The U.S. Federal Trade Commission has filed a lawsuit against hotel chain Wyndham Worldwide and three subsidiaries for allegedly storing data in plain text and other security failures that enabled hackers to access more than 600,000 payment card accounts in three data breaches in less than two years.
The hackers exported the payment card account data to an Internet domain address registered in Russia, according to the FTC lawsuit (PDF). They then used the data stolen from Wyndham's data center in Phoenix to make transactions, resulting in fraud losses of more than $10.6 million, the suit says.
Wyndham had cooperated with the FTC and offered customers credit monitoring services after the breaches, said spokesman Michael Valentino. "To date, we have not received any indication that any hotel customer experienced a financial loss as a result of these attacks," he said in a statement provided to CNET. "Since these events, we have made significant enhancements to our information security, and have assisted franchised and managed Wyndham Hotels and Resorts-brand hotels in enhancing their information security.
"We regret the FTC's recent decision to pursue litigation, as we have fully cooperated in its investigation and believe its claims are without merit. We intend to defend against the FTC's claims vigorously, and do not believe the outcome of this litigation will have a material adverse effect on our company," the statement said. "In a time when cyberattacks on private and public institutions are on the rise globally, safeguarding customer information remains a top priority at Wyndham Worldwide. Unfortunately, as this matter is now the subject of pending litigation, it would be inappropriate for us to provide further comment at this time."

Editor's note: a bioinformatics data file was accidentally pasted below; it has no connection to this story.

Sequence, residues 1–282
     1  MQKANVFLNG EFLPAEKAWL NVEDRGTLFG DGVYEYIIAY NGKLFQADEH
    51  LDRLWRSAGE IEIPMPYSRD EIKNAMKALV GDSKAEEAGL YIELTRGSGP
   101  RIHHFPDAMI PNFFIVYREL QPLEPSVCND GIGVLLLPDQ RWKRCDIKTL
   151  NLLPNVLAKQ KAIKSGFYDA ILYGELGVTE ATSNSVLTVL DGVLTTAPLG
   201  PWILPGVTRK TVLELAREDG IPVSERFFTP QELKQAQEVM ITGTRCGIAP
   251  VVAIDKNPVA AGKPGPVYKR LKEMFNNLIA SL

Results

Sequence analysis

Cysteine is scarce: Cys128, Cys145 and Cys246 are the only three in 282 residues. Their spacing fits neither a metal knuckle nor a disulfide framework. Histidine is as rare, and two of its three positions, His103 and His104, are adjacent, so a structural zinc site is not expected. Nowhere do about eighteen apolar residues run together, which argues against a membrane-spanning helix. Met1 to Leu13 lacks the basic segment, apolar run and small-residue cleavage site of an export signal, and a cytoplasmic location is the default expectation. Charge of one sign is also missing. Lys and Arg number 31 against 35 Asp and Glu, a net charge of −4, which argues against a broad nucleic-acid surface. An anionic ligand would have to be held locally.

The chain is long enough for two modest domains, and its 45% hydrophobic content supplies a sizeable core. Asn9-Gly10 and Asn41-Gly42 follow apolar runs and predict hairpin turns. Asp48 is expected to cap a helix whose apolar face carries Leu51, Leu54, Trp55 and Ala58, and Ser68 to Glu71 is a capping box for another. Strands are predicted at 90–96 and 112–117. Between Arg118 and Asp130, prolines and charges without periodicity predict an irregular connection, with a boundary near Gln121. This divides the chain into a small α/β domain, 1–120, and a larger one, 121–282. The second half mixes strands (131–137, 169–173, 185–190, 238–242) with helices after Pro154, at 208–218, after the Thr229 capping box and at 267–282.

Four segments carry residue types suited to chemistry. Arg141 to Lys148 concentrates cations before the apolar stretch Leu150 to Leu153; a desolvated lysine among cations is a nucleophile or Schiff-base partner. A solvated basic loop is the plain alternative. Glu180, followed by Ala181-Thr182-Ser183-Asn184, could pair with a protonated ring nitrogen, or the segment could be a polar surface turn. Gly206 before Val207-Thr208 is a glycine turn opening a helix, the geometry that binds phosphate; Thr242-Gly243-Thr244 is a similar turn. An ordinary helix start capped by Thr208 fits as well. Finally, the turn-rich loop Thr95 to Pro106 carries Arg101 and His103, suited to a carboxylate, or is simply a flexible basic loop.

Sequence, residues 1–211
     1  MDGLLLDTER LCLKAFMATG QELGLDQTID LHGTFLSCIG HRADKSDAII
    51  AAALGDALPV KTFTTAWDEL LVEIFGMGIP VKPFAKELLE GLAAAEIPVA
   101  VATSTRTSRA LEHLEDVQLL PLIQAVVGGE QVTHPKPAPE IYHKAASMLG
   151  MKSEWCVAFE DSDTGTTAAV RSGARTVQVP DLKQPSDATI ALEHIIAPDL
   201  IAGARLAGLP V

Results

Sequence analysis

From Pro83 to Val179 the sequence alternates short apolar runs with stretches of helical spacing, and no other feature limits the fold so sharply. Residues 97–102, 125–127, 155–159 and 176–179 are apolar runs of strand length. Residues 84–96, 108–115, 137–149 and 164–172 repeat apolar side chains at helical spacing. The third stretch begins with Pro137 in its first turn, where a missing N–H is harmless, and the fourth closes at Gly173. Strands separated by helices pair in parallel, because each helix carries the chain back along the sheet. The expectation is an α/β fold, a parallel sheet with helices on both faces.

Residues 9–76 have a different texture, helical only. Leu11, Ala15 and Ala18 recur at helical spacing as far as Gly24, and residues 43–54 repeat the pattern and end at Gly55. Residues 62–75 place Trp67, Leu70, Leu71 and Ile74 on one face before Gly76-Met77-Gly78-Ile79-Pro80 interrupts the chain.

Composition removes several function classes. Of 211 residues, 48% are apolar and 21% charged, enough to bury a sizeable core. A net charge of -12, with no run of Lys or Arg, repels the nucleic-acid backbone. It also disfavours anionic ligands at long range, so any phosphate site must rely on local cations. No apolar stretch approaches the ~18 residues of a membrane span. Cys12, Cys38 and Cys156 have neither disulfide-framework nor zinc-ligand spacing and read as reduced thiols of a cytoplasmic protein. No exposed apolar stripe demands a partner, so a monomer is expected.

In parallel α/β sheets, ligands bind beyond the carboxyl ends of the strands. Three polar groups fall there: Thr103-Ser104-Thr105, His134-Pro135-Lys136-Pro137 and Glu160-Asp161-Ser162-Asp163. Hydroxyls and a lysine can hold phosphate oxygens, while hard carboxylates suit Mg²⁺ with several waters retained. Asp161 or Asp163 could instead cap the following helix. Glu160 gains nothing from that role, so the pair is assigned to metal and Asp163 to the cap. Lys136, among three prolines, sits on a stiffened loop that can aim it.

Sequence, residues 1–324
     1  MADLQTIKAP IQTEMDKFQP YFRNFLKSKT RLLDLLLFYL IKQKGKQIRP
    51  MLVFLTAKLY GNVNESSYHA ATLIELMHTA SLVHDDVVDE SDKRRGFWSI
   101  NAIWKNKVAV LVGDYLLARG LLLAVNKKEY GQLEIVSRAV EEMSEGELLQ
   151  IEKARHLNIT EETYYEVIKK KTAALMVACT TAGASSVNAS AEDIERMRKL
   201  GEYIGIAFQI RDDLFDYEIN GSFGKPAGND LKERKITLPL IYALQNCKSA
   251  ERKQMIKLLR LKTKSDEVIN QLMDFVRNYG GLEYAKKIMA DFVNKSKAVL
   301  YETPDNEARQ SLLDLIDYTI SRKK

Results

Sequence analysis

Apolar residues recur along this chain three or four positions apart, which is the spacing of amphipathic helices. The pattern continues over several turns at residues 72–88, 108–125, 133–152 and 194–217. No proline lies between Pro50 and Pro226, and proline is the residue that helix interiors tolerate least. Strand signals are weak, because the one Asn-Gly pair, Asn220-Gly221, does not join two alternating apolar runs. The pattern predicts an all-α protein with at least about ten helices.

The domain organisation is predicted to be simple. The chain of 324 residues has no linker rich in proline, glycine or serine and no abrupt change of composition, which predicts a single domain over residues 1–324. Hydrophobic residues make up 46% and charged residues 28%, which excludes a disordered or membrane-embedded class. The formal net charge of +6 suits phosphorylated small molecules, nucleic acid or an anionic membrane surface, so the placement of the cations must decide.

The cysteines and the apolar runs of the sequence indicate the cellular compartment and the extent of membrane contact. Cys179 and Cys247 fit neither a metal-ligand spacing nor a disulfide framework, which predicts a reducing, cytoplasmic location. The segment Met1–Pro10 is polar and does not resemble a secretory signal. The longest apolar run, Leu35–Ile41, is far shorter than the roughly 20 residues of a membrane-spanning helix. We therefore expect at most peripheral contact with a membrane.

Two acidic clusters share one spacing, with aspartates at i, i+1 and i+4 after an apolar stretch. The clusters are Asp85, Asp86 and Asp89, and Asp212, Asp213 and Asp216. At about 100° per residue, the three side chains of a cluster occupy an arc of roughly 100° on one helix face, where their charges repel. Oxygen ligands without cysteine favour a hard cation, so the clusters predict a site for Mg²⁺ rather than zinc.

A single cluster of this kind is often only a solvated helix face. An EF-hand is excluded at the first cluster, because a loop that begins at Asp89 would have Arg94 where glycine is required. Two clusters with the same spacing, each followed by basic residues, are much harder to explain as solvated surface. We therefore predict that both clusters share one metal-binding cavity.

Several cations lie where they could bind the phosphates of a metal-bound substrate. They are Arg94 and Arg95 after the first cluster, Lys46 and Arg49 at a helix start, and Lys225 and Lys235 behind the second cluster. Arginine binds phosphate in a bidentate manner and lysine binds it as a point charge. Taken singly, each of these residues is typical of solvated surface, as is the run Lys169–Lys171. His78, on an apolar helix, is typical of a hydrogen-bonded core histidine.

In the first breach, hackers were able to get into the network of a local Wyndham hotel in Phoenix in April 2008, and from there into the property management system servers of other hotels, and they used "memory-scraping" malware to steal data, according to the FTC suit filed in federal district court in Arizona.
In March 2009, hackers gained access to Wyndham systems via a service provider's administrator account in the Wyndham data center in Phoenix and had access to the network for about two months, the lawsuit says. The hackers used the malware to get the data and reconfigured software to cause the hotel computer systems to create clear text files containing the payment card account numbers of customers, according to the suit.
In the third breach, hackers compromised an administrator account in late 2009 and, again, the hotel learned about the intrusion from a credit card issuer in January 2010, the lawsuit says.
Tons of companies have data breaches, but not many generate a lawsuit from the government. Earlier this year, credit card processor Global Payments said as many as 1.5 million credit card accounts were compromised. And a few weeks ago, LinkedIn, eHarmony, and Last.fm confirmed that user passwords -- potentially as many as 8 million -- were stolen and ended up posted to a hacker forum.
An attorney specializing in high-tech law questioned the FTC's authority to enforce minimum security practices at companies and noted that the consumer privacy language on Wyndham's Web site that the FTC says is deceptive and unfair is actually standard across the Internet. "The FTC has decided not only that there are minimal standards for security, but that they are the policing agent for that, all without Congressional approval," said Eric Goldman, assistant law professor at Santa Clara University School of Law.
Update, 11:20 a.m. PT: Adds attorney comment, background on other cases.
Update, 10:40 a.m. PT: Adds more details and Wyndham comment.